A giant white-tailed eagle, part of a ground-breaking UK reintroduction programme, has become a regular visitor to Longleat Safari Park.
Also known as a sea eagle, it is the UK’s largest bird of prey, and the fourth largest species in the world, with a huge wing span of up to 2.5 metres.
The female bird, known as G405, was released into the wild last year on the Isle of Wight as part of a successful project to reintroduce the species in England.
She has become a familiar sight for keepers at the Wiltshire wildlife attraction who believe she may be attracted to the area to feed on leftovers from their resident pack of wolves and big cats.
“It’s difficult to put into words just how large sea eagles are until you see them with your own eyes,” said Longleat’s Head of Animal Operations Darren Beasley.
“They’re roughly double the size of a buzzard and, although G405 is still only a youngster having hatched out in 2020, she is a truly magnificent bird.
“She spent much of February and March in the area and then headed all the way up to Yorkshire as part of a UK tour before returning back her in the last week or so.
“For a place that is so well known for its exotic wildlife, the wider Longleat estate, which has remained largely untouched for centuries, also provides a fantastic habitat for a range of rare UK species.
“For this particular bird, which has flown across the UK on her travels, to have chosen us as her favourite place to visit is fantastic,” he added.
In addition to the eagles, the estate is home to wild otters, red kites, owls, kingfishers and several species of deer and keepers are working on a number of conservation projects to encourage more native species to return.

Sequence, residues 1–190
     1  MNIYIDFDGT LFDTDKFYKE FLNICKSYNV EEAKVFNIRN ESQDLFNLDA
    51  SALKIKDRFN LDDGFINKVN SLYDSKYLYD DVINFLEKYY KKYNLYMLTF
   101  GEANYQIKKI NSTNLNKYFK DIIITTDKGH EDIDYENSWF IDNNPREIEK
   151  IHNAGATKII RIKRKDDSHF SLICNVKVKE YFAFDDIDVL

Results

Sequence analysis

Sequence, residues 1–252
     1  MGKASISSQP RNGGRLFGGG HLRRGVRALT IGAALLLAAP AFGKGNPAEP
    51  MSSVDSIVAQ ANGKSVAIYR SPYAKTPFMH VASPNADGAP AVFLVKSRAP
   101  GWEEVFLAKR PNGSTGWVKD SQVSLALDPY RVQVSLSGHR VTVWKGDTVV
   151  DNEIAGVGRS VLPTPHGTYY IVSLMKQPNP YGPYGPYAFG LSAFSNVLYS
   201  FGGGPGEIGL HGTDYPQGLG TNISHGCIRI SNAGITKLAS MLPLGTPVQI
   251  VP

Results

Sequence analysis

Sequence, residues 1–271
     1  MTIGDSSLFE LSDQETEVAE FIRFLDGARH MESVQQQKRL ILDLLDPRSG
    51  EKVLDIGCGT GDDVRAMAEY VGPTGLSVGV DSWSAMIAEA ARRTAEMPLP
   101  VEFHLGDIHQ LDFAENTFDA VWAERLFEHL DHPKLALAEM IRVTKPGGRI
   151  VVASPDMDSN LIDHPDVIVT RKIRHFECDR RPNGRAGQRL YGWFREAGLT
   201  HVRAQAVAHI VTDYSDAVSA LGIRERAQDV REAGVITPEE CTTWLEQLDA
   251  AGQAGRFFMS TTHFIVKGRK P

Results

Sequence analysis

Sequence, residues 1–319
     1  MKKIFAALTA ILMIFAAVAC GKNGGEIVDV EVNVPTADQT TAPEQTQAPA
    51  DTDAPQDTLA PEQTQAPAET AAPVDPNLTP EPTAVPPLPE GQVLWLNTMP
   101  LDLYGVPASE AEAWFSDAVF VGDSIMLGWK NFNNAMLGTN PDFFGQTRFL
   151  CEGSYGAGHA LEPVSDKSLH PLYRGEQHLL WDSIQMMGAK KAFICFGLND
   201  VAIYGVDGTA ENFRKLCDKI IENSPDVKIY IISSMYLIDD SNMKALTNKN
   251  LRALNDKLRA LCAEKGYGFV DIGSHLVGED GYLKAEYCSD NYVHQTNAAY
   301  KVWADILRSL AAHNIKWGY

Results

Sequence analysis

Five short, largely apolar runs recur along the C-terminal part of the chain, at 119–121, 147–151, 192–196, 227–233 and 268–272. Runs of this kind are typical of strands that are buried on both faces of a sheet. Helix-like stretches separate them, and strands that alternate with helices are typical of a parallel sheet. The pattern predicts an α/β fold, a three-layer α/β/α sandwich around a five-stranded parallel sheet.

All of the eagles involved in the reintroduction programme have been fitted with radio trackers so their whereabouts are recorded and it has revealed a second, male eagle - G461 – has also visited the safari park.
Sea Eagles were once widespread along the whole of the south coast of England, from Cornwall to Kent, before being driven to extinction by continued hunting that began in the Middle Ages.
The last pair bred on Culver Cliff on the Isle of Wight in 1780.
As their name suggests, they hunt fish, but also birds, mammals and carrion. They are opportunistic hunters and often steal food from other birds.
Following their reintroduction to Scotland – where there are now over 130 breeding pairs – the Roy Dennis Wildlife Foundation has been granted licences by Natural England and Scottish Natural Heritage to begin an English reintroduction in partnership with Forestry England, based on the Isle of Wight.
Within the UK sea eagles are strictly protected under Schedules 1, 1A and A1 of the Wildlife and Countryside Act 1981 and The Nature Conservation (Scotland) Act 2004. They are included on the Red List of UK birds of conservation concern.
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